Malaysia was the second country in Asia to be awarded a Formula One race in 1999. The success of the race at Sepang was the cue for the expansion throughout Asia of Formula One, with varying levels of success.
2017 sees Malaysia say goodbye to Formula One as the owners of the Sepang circuit sensibly believe that their finances would be better served if Moto GP provided the sole blue riband event at their circuit. This is, of course, an indictment on Formula One more than those who are rightly looking out for their circuit's best interests.
Down the years, this circuit has seen many notable events. Its inaugral race saw Michael Schumacher's return from injury only to give the win up to team-mate and accidental title-challenger Eddie Irvine, with the Ferraris disqualified then reinstated in a move that conviniently restored a title decider at Suzuka. Schumacher was also at the vanguard of the Ferrari comeback from a poor stacked pit-stop in the wet in 2001, with he and Barrichello...
So every year I write the Singapore intro thread. I have concluded from this that I am the only person who actually likes the Singapore Grand Prix. I know it’s a hastily put together micky mouse street circuit in a country with no fan base, but I can’t help it, I think it looks amazing under the lights and I love the closed in walled racing. I know Bahrain and Abu Dhabi do night racing now but just something about Singapore that gets me excited. I guess it’s a bit like the way Monaco gets me excited. I know we’re not going to get a lot of overtaking and the race might have some very dull moments but I can’t help but enjoy it. I think its just something about the tension of street circuits I like. The fact that it could all go wrong at any moment is just good watching.
This is the 10th Singapore Grand Prix and all 9 previous races have talking points. The most notorious one of course was the very first race in 2008 where the result was Nelson Piqueted after a conspiracy to fix the...
Monza. Or as I like to think of it, ‘MONZAAAA!’. With more GPs hosted than anywhere else; the basic principle of speed defined in its iconic layout; and fans that provide a level of enthusiasm not seen at any other circuit, Monza could be said to transcend the sport itself. Will it live up to its billing this year?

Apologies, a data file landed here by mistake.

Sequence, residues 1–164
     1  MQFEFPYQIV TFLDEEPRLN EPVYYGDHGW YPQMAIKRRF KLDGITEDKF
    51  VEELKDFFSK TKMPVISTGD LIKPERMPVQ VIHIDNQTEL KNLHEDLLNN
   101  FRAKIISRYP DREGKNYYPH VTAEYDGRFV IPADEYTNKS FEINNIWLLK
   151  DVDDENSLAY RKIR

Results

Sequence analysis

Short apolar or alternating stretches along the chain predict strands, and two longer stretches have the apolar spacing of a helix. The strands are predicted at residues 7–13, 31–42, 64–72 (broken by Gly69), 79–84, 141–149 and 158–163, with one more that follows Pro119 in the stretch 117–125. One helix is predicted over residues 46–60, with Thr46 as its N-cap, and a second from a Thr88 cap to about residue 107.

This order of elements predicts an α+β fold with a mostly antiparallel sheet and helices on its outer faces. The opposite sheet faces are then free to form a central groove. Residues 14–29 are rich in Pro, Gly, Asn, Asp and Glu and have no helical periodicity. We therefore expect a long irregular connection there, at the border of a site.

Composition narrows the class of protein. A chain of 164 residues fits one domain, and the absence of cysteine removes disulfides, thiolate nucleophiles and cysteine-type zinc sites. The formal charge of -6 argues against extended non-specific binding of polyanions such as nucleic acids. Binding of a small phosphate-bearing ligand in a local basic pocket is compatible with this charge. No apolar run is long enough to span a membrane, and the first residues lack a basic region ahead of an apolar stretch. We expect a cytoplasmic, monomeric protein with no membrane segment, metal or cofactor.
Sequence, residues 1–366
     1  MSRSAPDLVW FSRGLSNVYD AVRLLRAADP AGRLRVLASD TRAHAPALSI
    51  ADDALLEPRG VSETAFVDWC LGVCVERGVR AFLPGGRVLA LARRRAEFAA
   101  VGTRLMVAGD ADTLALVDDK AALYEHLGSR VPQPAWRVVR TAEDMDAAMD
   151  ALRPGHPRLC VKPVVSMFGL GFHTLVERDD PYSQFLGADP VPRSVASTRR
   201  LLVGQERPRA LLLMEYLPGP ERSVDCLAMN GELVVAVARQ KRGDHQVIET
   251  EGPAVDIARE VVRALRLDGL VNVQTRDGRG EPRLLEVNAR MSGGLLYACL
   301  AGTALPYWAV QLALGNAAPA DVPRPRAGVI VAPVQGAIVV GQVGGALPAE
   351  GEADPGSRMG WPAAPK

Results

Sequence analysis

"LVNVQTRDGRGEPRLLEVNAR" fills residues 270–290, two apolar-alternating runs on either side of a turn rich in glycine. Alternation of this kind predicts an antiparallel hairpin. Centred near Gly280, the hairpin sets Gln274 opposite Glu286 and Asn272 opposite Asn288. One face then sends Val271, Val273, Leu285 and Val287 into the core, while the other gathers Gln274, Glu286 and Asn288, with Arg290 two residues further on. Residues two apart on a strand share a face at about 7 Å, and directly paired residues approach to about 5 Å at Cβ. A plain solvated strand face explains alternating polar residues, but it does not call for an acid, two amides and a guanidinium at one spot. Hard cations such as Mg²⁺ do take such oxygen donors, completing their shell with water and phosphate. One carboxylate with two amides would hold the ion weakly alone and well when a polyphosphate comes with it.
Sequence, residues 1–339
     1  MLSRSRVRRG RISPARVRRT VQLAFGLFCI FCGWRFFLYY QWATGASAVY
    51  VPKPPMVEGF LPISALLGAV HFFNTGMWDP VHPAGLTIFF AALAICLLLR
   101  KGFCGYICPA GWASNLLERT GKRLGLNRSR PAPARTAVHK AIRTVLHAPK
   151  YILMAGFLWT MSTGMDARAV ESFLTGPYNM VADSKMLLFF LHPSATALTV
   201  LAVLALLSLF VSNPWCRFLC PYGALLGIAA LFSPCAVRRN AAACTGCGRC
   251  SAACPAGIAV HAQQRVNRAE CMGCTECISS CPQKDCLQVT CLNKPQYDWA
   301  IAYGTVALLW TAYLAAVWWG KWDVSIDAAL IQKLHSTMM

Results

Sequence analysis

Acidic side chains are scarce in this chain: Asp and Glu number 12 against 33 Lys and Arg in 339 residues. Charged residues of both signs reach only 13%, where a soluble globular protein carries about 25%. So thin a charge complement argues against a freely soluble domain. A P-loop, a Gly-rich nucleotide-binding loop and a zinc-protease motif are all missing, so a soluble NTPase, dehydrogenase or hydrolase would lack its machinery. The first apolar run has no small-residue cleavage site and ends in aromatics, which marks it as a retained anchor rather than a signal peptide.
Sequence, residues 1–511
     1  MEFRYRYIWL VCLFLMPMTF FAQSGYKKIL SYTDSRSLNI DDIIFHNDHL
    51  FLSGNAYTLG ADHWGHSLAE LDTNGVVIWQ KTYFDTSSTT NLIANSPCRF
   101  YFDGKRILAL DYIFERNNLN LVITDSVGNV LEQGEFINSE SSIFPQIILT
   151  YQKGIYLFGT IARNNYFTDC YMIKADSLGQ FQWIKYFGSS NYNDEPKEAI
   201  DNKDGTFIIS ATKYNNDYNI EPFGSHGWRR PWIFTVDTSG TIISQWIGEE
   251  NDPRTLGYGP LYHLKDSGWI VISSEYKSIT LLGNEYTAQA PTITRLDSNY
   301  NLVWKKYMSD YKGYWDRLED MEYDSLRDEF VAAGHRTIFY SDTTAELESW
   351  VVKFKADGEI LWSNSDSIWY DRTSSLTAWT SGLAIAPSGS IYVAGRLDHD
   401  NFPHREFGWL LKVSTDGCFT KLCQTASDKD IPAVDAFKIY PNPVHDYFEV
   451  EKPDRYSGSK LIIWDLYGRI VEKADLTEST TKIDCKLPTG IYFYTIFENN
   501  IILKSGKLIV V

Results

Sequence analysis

Mercedes romped it in 2016, with Lewis missing out on a hat-trick of Monza victories after a poor start handed the lead to Rosberg, which he kept to the line. This must have been particularly galling for Lewis after having lit up the circuit on Saturday with a pole lap half a second quicker than his team-mate. But this year is different – Ferrari are leading the championship with a much stronger car. Then again, if Spa is anything to go by, Lewis has Ferrari in his pocket on a fast circuit.
Alonso last won here for Ferrari in 2010, the Tifosi will be clamouring for another home victory and this year represents the best chance since then by a long chalk. Vettel has the...
... it's the engine.
I was mulling over a comment by Galahad in race chat the other day that the current driver line up is amongst the worst we have seen in recent years. From that I thought I would go off and look at the number of races, number of different winners, different winning constructors and pole winners since the start of the World Championship era in 1950. I have to admit that the early years are skewed by the Indy 500 races included in the Championship and I will go back and remove these at some point.
But, back to the point, we all know that the car has a significant impact on how a driver performs but, similarly, a poor driver (no matter how good the car) is till going to be poor. However, I think what most of us want it competitive racing where the ability of the driver has more of an influence over the result.
My take on the figures I have cobbled together is that the most competitive era in F1 was when the Cosworth engine was used by more...
As F1 moves into the summer break, Ferrari are firmly in the lead, and Mercedes must be feeling just a little worried.Their supremacy is definitely being threatened, and so the Belgian Grand Prix (Spa-Francorchamps) will be crucial for them if they are to win this years Constructors and drivers championships. Crucial for Ferrari as well.
If Spa is famous for anything it's the unpredictable nature of the race, courtesy of the weather. Frequently one part of the track can be sunny and dry, whilst just round the corner it's raining, quite a challenge for drivers. But despite the difficulties, or maybe because of them, Spa is popular with drivers and fans alike.
Spa started life running on public narrow roads, between three different villages, but by 1983 it had become, more or less, the track we know now. A mix of long straights and fast corners and the longest F1 circuit on the F1 calendar.
Kimi Raikkonen has had four wins at Spa, and certainly has the car to do so again, but I...